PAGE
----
According to the FBI, the Ryuk ransomware has allowed the attackers to raise USD 31.2 million. Compared to 2018, in 2019 there was an increase in this type of attack.
The US National Bureau of Investigation (FBI) recently reported that the total amount of money that the victims of ransomware attacks have paid in the last six years amounts to USD 144.35 million. According to the FBI’s findings, the profits obtained from these attacks were sent to mixers and cryptocurrency exchanges.
The FBI special supervisory agent, Joel DeCapua, said that the victims of these attacks made payments between 2013 and 2019. He added that the number of ransomware attacks grew because the affected companies or organizations could submit insurance claim documents after making the payment.
In that sense, the FBI agent believes that many companies that contract an insurance policy prefer to defer the case if they are attacked with ransomware and do what their insurance company decides. It should be noted that the fact that ransomware payments are refundable has caused more bailouts to be paid.
DeCapua also stated that the total figure calculated for the last six years does not consider any other aspect related to the losses of the victims, but is only limited to payments made in bitcoins.
According to FBI statistics, Ryuk, a popular, notorious and sophisticated ransomware program, took most of the profits by accumulating in just one year the amount of USD 31.2 million, while Dharma generated USD 24.4 million in the course of three years.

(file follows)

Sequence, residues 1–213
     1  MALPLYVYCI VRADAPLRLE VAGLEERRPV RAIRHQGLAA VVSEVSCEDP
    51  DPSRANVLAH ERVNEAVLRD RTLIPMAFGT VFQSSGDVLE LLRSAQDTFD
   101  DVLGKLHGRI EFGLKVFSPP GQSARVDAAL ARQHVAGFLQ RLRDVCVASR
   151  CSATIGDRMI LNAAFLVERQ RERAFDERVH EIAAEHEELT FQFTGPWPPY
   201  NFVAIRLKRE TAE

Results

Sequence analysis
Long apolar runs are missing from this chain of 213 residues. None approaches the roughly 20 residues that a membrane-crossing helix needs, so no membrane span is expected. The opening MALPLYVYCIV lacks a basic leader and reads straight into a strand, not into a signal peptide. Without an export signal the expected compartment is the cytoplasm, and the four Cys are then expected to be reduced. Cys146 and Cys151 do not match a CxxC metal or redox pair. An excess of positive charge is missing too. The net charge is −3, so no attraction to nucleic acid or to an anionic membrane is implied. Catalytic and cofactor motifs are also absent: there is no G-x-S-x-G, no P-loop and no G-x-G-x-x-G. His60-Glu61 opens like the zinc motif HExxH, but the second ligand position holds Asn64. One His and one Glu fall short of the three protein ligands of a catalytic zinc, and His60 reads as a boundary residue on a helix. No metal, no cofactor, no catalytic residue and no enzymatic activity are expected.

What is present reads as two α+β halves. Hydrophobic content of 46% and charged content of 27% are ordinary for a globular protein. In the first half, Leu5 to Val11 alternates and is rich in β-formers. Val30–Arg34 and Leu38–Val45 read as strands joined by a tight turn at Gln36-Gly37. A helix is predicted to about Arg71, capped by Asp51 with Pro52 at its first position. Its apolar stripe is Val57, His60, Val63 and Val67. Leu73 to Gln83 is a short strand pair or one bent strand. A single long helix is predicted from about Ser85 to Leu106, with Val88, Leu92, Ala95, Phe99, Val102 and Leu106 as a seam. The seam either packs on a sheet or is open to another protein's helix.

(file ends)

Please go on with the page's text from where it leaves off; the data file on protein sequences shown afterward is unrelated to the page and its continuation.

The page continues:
Ransomware and Crypto-jacking Increase
The agent also explained that, in addition to ransomware attacks, there has been an increase in crypto jacking (malicious cryptocurrency mining) through the Internet, using increasingly sophisticated methods that make it difficult to detect it.
This information coincides with Kaspersky’s 2019 report, in which the firm indicates that the number of ransomware attacks increased in 2019, in contrast to 2018.
The South African city of Johannesburg was temporarily forced to deactivate all online channels after a ransomware attack was detected on the city’s network system. The cybercriminals sent e-mails demanding payments in BTC, which led officials to take action on the matter. However, they refused to accept the hackers’ demands.
Another attack occurred in the Spanish city of Jerez de la Frontera, where criminals hacked the city’s computer system and demanded that a ransom be paid in Bitcoin to decrypt the system.
In June 2019, cybercriminals infected computers and servers belonging to Rivera Beach, in Florida. From there, they blocked access to important information. The city officials collectively agreed to abide by the hackers’ demands to pay 65 BTC, equivalent to USD 573,000.
It was also reported that, in November 2019, the Mexican oil company Pemex was a victim of ransomware attacks. On this occasion, the criminals demanded payment of more than 500 BTC to stop the attack.
A British High Court recently ordered the cryptocurrency exchange Bitfinex to freeze any suspicious cryptocurrency accounts that recorded a 96 BTC payment. This order came after a victim of the attack filed a complaint that criminals infected their computer system with ransomware in 2019.
By Alexander Salazar